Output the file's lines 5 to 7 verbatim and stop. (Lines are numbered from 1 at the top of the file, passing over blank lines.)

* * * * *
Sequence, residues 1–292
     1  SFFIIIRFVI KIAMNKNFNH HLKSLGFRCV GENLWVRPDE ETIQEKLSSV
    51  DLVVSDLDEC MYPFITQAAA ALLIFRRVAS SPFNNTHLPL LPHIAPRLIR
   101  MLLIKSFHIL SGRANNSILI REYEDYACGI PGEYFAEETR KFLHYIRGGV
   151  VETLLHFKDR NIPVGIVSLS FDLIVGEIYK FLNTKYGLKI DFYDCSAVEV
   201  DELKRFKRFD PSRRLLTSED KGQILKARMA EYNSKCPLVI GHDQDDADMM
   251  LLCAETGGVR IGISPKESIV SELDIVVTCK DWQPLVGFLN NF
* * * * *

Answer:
   151  VETLLHFKDR NIPVGIVSLS FDLIVGEIYK FLNTKYGLKI DFYDCSAVEV
   201  DELKRFKRFD PSRRLLTSED KGQILKARMA EYNSKCPLVI GHDQDDADMM
   251  LLCAETGGVR IGISPKESIV SELDIVVTCK DWQPLVGFLN NF